> Energy efficiency. According to the Chemical Fabrics and Film Association, the energy required to manufacture vinyl wallcoverings is only half as much as the amount needed to produce the same amount of paper wallcoverings¹.
> Indoor air quality. Because vinyl wallcoverings are so easy to clean, they make it easy to remove sources of known allergens, thereby improving indoor air quality. This is also helpful in controlling pathogens and promoting a sterile environment in healthcare settings. Like many interior products, vinyl wallcoverings may have an initial odor when newly installed. This odor results from adhesives, printing inks and additives that give the vinyl its particular performance attributes. Often, complaints from building occupants about irritation and odor are associated with volatile organic compounds (VOCs). These compounds can originate from many sources, including cleaning solutions and interior materials. To reduce exposure to VOCs, check with the manufacturer for low-emitting and low-odor products. Good ventilation is also critical for good indoor air quality. Ventilating with up to 100 percent outside air can reduce the initial period of emissions. Information on "airing out" times published in the product literature should always be observed. Tests by independent laboratories have shown that, with adequate ventilation, the initial odor in vinyl wallcoverings will dissipate much faster than the odors of most paints.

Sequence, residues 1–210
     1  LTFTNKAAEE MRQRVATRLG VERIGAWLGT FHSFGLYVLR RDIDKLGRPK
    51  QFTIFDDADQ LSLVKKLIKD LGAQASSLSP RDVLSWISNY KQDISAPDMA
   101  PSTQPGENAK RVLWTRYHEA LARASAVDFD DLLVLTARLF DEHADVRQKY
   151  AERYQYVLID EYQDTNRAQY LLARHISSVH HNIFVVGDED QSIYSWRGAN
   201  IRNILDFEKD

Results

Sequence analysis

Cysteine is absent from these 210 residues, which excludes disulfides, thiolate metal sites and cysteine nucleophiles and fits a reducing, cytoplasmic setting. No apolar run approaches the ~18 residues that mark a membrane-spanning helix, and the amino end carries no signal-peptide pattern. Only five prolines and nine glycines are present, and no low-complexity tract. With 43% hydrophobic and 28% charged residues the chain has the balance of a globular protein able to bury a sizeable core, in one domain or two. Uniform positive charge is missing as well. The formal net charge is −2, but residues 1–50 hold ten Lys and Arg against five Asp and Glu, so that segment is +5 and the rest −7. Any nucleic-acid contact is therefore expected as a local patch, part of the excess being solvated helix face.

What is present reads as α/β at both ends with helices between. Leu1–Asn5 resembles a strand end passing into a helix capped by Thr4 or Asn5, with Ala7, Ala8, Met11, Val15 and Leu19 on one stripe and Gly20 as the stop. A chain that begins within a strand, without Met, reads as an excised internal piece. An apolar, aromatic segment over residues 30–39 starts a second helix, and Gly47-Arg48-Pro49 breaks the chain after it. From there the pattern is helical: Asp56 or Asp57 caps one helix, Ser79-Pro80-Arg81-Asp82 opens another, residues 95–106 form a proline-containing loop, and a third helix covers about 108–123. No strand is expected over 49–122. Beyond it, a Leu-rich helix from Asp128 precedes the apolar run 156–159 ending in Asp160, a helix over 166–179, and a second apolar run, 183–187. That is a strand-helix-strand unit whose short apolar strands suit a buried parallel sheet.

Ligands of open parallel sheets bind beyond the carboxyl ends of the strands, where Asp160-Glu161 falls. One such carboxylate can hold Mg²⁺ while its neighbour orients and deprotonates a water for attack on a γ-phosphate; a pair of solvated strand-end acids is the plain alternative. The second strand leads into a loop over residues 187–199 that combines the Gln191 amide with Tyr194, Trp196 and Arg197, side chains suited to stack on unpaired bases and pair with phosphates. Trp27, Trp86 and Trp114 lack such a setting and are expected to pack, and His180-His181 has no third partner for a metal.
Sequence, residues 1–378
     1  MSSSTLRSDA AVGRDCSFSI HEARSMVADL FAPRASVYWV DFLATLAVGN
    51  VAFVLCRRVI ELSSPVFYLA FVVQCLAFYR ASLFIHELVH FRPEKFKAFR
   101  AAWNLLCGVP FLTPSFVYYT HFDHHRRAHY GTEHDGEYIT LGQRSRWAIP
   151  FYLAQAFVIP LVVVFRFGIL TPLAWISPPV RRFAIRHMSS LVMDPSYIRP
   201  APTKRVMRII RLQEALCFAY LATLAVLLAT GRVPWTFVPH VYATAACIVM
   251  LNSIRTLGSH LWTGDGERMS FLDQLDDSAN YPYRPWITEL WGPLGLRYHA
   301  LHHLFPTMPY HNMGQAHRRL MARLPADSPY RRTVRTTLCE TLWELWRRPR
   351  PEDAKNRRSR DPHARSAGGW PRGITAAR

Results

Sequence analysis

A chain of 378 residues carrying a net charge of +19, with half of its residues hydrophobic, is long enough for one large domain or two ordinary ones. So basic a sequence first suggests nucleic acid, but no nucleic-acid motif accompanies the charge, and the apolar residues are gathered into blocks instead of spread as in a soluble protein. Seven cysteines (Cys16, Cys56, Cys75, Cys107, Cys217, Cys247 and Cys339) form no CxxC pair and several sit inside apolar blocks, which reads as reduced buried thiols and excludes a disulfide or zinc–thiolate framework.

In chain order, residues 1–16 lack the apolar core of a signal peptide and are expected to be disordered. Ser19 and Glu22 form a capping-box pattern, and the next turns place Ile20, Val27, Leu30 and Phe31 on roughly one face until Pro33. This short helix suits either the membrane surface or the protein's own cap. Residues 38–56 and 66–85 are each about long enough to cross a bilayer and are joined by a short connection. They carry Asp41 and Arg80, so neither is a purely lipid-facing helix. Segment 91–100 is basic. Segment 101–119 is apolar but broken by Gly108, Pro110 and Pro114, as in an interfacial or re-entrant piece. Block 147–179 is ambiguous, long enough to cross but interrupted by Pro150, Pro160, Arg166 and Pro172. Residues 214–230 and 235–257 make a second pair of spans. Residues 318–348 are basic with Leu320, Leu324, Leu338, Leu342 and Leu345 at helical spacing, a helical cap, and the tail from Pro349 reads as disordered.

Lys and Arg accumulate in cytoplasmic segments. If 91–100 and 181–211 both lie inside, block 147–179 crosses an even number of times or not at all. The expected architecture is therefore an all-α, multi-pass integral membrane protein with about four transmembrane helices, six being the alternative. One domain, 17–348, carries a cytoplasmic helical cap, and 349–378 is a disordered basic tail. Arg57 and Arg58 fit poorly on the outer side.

> Infection control. Vinyl wallcoverings provide easy-to-clean surfaces, helpful in controlling pathogens and promoting a sterile environment. Vinyl interior products are frequently specified in patient care areas as well as the public spaces of healthcare facilities for this very reason.
¹ "Facts & Information," a publication of the Chemical Fabrics & Films Association